Developers reveal plans to revitalize Metrocenter as mixed-use village
Dec 9, 2021, 2:01 PM | Updated: 2:30 pm
PHOENIX – Developers announced elaborate plans Thursday to tear down Metrocenter Mall and bring the former Phoenix landmark back to life as a mixed-used community.
Concord Wilshire Capital and TLG Investment Partners contracted earlier this year to purchase the property just west of Interstate 17 between Dunlap and Peoria avenues, the companies said in a press release.
The deal is expected to close in the second half of 2022, but the selling party, Carlyle Development Group, and the buyers reached an agreement to demolish the mall before then.
The new owners will team with real estate firm Hines on revitalizing the former shopping and social hub as the Village, a $750 million development with apartments, retail, restaurants, entertainment venues and parks.
“What makes the design concept even more special is the blending of these new elements with hangout spots many of us are familiar with, such as Castles and Coasters and Harkins movie theatre,” Phoenix District 1 Councilwoman Ann O’Brien said in a statement.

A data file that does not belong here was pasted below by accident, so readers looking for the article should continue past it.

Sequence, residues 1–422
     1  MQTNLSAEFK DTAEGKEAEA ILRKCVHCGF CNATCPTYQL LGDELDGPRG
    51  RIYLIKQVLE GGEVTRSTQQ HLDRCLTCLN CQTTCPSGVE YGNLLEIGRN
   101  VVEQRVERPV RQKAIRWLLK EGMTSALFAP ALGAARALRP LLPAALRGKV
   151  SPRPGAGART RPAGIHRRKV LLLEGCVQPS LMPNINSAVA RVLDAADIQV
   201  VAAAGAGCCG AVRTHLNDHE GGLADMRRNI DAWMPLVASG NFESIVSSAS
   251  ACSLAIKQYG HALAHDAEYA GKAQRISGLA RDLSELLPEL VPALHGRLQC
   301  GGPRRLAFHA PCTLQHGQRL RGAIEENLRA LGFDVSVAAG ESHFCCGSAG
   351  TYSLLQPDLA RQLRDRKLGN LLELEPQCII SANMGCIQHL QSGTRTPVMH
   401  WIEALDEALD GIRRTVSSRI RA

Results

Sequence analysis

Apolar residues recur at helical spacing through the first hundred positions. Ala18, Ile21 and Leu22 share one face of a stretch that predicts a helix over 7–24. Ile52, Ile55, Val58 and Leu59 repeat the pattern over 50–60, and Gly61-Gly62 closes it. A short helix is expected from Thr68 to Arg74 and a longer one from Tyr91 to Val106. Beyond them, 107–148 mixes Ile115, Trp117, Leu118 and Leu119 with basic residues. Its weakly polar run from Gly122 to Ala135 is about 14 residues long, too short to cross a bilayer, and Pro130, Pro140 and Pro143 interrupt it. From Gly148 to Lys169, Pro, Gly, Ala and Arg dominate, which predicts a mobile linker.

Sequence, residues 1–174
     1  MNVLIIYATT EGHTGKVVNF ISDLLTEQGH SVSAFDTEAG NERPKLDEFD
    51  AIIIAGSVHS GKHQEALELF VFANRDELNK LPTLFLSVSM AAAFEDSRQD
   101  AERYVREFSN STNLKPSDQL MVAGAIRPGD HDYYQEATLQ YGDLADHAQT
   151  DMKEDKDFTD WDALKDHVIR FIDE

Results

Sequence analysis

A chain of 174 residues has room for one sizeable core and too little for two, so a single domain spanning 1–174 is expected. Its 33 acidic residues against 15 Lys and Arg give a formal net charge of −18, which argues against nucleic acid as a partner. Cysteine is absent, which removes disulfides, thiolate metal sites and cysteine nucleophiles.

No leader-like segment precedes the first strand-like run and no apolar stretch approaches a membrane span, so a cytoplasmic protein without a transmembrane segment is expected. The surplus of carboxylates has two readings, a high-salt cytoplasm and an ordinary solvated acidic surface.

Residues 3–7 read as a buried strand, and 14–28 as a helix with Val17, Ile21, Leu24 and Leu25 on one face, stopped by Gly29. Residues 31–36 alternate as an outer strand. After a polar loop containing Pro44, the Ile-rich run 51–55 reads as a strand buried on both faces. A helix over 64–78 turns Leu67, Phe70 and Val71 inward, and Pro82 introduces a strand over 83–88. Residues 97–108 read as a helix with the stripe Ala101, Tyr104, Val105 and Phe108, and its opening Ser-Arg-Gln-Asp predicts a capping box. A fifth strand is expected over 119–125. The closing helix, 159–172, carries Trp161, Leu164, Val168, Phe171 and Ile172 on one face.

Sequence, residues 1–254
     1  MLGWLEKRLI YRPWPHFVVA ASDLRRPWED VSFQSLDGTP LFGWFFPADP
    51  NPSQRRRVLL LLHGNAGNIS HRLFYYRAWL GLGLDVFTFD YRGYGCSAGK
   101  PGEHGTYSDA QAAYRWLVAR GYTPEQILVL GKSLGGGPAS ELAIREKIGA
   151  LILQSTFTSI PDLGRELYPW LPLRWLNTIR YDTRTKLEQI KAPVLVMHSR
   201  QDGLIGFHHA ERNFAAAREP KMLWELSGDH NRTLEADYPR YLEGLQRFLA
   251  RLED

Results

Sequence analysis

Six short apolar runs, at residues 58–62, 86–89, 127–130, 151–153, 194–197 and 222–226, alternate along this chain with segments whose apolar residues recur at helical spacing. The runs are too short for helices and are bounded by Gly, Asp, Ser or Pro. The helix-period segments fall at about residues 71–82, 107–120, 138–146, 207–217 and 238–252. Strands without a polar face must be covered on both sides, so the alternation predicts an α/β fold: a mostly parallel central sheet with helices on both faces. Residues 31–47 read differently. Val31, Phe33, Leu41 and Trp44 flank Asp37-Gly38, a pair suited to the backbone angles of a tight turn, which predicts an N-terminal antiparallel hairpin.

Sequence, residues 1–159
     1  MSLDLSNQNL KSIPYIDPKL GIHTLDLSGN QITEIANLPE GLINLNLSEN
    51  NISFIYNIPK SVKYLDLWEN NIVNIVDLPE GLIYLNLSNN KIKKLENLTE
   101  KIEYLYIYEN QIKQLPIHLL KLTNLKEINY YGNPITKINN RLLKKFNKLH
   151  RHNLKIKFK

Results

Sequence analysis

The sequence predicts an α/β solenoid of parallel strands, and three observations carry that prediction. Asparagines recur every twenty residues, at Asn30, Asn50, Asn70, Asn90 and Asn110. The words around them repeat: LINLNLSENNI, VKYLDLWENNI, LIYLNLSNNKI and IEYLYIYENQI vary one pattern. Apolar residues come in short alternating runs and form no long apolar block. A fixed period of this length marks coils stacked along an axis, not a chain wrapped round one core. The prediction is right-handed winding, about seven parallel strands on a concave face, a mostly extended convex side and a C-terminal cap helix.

“The Village will not only present something new to visitors and future residents but will also preserve notable characteristics that will invoke nostalgia for many of us.”
The community will be served by a new light rail station scheduled to open in 2024 as part of Valley Metro’s $401 million Northwest Extension.
“The connectivity provided by the light rail extension means easy access to shopping, entertainment, housing and – perhaps most importantly – to jobs,” Mayor Kate Gallego said in the release.
“In addition to the many construction jobs created by this redevelopment, there will be opportunities available to work in the businesses that will take root and grow in the Village.”
The development will have about 4,100 parking spaces for use by residents, visitors and light rail park-and-ride users.
Metrocenter was built in 1973 and was one of the Phoenix’s top destinations in the 1970s and ‘80s. After years of struggles that saw it become more of a ghost town than a shopping center, the mall closed for good in June 2020.
“Metrocenter played a big role during my teen years and beyond — I hung out there, I worked there and shopped there,” O’Brien said. “That is why I am grateful to everyone involved and will be involved in making this project come to life.”